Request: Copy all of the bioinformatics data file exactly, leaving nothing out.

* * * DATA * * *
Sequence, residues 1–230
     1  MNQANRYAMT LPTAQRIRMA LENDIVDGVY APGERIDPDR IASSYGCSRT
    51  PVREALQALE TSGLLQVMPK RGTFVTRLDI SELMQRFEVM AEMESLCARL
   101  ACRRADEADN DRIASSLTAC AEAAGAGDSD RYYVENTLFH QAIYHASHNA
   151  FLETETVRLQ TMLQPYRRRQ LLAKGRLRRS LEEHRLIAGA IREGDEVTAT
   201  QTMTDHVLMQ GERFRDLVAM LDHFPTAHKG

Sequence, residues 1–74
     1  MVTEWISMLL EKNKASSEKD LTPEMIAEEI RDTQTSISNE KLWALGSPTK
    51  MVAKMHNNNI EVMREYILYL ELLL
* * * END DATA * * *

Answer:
Sequence, residues 1–230
     1  MNQANRYAMT LPTAQRIRMA LENDIVDGVY APGERIDPDR IASSYGCSRT
    51  PVREALQALE TSGLLQVMPK RGTFVTRLDI SELMQRFEVM AEMESLCARL
   101  ACRRADEADN DRIASSLTAC AEAAGAGDSD RYYVENTLFH QAIYHASHNA
   151  FLETETVRLQ TMLQPYRRRQ LLAKGRLRRS LEEHRLIAGA IREGDEVTAT
   201  QTMTDHVLMQ GERFRDLVAM LDHFPTAHKG

Sequence, residues 1–74
     1  MVTEWISMLL EKNKASSEKD LTPEMIAEEI RDTQTSISNE KLWALGSPTK
    51  MVAKMHNNNI EVMREYILYL ELLL